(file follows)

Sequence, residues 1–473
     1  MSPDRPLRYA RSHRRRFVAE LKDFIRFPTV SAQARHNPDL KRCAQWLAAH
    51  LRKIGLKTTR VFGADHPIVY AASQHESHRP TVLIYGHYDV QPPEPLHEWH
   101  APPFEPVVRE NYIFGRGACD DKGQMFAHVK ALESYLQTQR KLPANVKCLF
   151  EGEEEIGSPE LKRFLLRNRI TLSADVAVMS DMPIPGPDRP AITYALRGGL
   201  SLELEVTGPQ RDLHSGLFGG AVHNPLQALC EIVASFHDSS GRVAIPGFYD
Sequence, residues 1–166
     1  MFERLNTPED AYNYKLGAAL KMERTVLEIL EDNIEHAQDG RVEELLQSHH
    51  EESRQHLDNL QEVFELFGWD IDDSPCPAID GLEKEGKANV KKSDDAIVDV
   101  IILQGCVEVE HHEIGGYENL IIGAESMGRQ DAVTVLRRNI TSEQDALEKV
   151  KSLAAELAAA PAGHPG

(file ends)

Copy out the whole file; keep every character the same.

Sequence, residues 1–473
     1  MSPDRPLRYA RSHRRRFVAE LKDFIRFPTV SAQARHNPDL KRCAQWLAAH
    51  LRKIGLKTTR VFGADHPIVY AASQHESHRP TVLIYGHYDV QPPEPLHEWH
   101  APPFEPVVRE NYIFGRGACD DKGQMFAHVK ALESYLQTQR KLPANVKCLF
   151  EGEEEIGSPE LKRFLLRNRI TLSADVAVMS DMPIPGPDRP AITYALRGGL
   201  SLELEVTGPQ RDLHSGLFGG AVHNPLQALC EIVASFHDSS GRVAIPGFYD
Sequence, residues 1–166
     1  MFERLNTPED AYNYKLGAAL KMERTVLEIL EDNIEHAQDG RVEELLQSHH
    51  EESRQHLDNL QEVFELFGWD IDDSPCPAID GLEKEGKANV KKSDDAIVDV
   101  IILQGCVEVE HHEIGGYENL IIGAESMGRQ DAVTVLRRNI TSEQDALEKV
   151  KSLAAELAAA PAGHPG